I’ve been thinking a lot about why so many journalists I follow went so wrong on the supposed White House Scandals this week. I think it has a lot to do with affinity bias. And that does not speak well for the state of journalism.
A lot of people wonder why, for example, conservatives often hold opinions that are just wrong. Throughout the Bush administration, Fox News viewers were systematically misinformed about important issues. Why was that? It’s quite simple: they trusted Fox News. And that is not only acceptable, it is necessary. We can’t independently become experts on every issue we hear about. So we find people who we trust as experts and believe what they say.
Of course, it pays to be selective. Anyone who gets their information from cable news is cruising for a bruising. In general, I think that MSNBC is a lot better than Fox News. But that isn’t always case. I think Fox News has done a better job under Obama than they did under Bush. It’s all been pretty bad, though. MSNBC has done better generally, but I think they were soft on Obama during the campaign. At times they act as apologists for the Obama Administration—especially certain shows. Regardless, I think that MSNBC does a better job of informing liberals than Fox News does informing conservatives. Of course, the best conservative print publications are better. Ramesh Ponnuru of the National Review and Josh Barro of Bloomberg View are both fact based. I wish a lot more conservatives got their news from people like them.
There really is a difference between what liberals and conservatives think about things even when they are working off the same set of facts. And that should be enough. But instead, generally conservatives get different facts than liberals do. I think this is about 90% the fault of conservative media, but it hardly matters. My point is that we’ve got to trust someone.
I’ve worked very hard to find people who I feel I can trust—people who will not knowingly deceive me and will admit when they are wrong. I still feel very dependent on these people. But not always. For example, most of them went crazy this last week. They acted as though there was something to all these scandals. There were damned few people like me who were pushing back against this. And my question is: why?
I think there is a problem with being too plugged into the media structure—something that I cannot be accused of. And in this case, all the liberal commentators were trying to prove that they weren’t just partisans. If the Obama administration had done something wrong, they were going to hold it accountable. The problem is that this kind of thing is just as bad as blind partisanship. From Monday on, there was no information that implicated the White House. Yet much of the reporting was of the type that I saw coming from Greg Sargent: very cautious concern.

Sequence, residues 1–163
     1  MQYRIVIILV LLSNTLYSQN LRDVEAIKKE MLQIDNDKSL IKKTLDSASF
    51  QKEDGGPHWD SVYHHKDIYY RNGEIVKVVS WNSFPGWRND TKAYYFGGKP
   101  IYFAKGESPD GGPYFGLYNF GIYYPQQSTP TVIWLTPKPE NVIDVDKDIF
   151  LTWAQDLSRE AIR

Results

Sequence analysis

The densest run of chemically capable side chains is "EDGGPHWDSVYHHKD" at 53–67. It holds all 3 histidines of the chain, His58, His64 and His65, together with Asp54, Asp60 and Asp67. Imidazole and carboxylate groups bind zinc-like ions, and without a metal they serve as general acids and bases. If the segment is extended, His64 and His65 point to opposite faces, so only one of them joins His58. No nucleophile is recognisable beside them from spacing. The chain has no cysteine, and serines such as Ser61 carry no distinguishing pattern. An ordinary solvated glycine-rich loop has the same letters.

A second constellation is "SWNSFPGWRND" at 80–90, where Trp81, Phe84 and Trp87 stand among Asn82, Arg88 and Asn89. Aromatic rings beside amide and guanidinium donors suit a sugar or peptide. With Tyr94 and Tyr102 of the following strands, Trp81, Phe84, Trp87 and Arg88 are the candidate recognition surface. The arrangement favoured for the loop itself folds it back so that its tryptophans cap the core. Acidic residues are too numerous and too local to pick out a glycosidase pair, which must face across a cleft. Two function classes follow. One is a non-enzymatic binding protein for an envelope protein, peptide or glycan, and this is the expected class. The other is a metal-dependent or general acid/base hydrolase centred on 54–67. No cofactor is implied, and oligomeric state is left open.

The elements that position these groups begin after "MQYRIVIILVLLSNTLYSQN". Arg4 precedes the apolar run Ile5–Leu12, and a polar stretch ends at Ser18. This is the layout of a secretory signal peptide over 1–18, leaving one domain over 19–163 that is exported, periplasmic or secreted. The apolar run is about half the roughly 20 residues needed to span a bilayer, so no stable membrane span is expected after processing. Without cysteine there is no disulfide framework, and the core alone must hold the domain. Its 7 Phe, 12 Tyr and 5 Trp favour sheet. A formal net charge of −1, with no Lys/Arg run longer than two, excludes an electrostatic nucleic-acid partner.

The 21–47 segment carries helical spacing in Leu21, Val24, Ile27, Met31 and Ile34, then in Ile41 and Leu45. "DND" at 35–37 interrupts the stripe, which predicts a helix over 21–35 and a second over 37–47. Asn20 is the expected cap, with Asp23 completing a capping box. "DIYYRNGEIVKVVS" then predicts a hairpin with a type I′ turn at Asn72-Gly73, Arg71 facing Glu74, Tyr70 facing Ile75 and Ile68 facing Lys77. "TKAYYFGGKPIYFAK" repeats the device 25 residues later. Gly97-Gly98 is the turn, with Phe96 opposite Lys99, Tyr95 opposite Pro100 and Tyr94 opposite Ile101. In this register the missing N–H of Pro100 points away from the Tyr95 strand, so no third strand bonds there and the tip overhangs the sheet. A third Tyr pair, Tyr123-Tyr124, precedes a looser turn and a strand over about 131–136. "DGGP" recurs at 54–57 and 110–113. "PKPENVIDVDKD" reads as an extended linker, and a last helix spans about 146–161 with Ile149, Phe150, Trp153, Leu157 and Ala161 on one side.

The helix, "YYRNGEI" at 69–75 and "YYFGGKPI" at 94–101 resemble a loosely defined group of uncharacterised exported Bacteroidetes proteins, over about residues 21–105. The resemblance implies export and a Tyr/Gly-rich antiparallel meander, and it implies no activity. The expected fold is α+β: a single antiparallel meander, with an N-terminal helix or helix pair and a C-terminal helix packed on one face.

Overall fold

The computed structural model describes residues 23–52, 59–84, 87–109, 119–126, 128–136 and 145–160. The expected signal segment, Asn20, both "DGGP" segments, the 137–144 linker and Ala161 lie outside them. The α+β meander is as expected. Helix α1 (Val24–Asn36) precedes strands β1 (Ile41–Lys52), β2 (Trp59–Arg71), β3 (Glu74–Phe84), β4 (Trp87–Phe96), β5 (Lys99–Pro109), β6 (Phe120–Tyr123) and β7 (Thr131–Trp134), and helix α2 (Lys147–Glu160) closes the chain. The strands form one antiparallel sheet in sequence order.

This week I wasn’t exactly kind to Obama. I blasted him about firing Steven Miller. And I’ve been very hard on him about the Associated Press, even though the scandal is systemic and not especially Obama. But I didn’t fall for the theatrics, which I correctly labeled a “perfect storm of bad sandal-like news.”
So why didn’t the others see this? I think it is the same thing as for all of us: we have people we trust. Unfortunately, many of the people I trust, themselves trust Jim VandeHei and Mike Allen of Politico. (I avoid reading them if I can.) They are the very definition of “Washington Insider.” And they create a kind of sports reporting approach to politics. Indeed, in his “nothing to see here” article yesterday, Ezra Klein wrote, “On Tuesday, it looked like we had three possible political scandals brewing. Two days later, with much more evidence available, it doesn’t look like any of them will pan out.” But the evidence that became available between Tuesday and Thursday didn’t change the facts as the Monday CNN report did change Friday’s ABC “facts.” All that changed was that the commentariat had a chance to calm down.
The whole thing reminds me of The Ox-Bow Incident. The media depended upon its trusted connections to believe that something happened that the facts just didn’t support. Ezra Klein and others are always quick to note that a stunning revelation could turn any of these supposed scandals into real scandals. But that’s always true. It could turn out that Obama got an Oval Office blow job by an intern. Or that Michelle had Vince Foster killed. Or maybe they both fired the people in the travel office to give their friends a job. Any of this could be true. But barring any actual, you know, facts, it is just a big game of telephone played by journalists who really ought to be smarter than the average cable news viewer.